Osili says Hispanics are “not only givers, but you could even say punching above their weight when you look at income and wealth and education.”
The report found that Hispanics make contributions and help others based on their interests and values, especially those that revolve around supporting their community and family.
Their top four priority causes were:
- religious congregations
- food, shelter, and basic necessities
- health care and medical research
For wealthy Hispanics, the top priorities were education, animal rights and health care.
Surprisingly, the donation rates did not differ much based on immigration status, which is also tied into wealth. Half of the Hispanics born in the U.S. donated to charity in 2018 compared to 40% of immigrants.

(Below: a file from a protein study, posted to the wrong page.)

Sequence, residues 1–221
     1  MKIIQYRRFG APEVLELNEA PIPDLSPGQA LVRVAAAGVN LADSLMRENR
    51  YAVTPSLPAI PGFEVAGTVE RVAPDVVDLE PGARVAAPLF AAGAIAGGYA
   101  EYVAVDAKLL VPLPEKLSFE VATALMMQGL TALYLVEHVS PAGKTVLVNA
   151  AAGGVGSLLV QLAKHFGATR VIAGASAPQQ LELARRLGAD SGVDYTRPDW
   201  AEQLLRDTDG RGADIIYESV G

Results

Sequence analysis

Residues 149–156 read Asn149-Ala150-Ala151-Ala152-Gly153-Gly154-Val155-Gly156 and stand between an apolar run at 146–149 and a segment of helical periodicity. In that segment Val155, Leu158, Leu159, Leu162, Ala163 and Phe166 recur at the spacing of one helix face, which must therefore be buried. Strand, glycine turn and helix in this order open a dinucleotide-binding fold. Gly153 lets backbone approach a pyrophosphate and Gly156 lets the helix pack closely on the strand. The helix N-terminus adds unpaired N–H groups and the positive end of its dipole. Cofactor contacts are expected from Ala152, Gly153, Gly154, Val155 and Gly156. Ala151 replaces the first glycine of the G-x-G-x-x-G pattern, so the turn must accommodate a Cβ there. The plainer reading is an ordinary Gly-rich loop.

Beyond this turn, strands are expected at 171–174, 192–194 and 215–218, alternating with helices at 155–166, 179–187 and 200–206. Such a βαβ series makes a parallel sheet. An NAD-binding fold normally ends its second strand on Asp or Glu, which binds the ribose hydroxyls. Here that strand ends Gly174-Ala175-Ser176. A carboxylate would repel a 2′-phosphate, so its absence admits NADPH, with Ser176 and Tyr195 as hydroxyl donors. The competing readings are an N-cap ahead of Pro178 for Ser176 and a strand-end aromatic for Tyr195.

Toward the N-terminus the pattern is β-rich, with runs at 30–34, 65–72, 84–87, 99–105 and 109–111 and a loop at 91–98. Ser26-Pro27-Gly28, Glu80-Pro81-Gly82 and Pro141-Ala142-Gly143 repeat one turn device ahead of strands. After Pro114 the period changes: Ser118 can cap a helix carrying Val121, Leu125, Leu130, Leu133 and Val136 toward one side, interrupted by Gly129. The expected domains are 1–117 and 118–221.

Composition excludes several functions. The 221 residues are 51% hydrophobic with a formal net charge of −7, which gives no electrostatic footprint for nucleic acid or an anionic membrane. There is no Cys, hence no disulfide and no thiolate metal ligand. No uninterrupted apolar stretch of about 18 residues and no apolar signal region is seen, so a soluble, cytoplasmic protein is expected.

The study found that the length of time immigrants lived in the U.S. was also tied to contributions.
Those Hispanic Americans who had resided in the U.S. for longer gave more, especially to religious institutions and their fellow parishioners than those who recently crossed the border or emigrated.
The study showed that as of 2018, 23% of longer residing immigrants gave to religious congregations, compared to 19% who recently arrived.
The report used multiple sources including a school panel study and also a Bank of America philanthropy study, which both examined nationally representative samples.
It also included conclusions that sprung from focus-group conversations on Latino philanthropy with donors, nonprofit professionals and philanthropic advisers.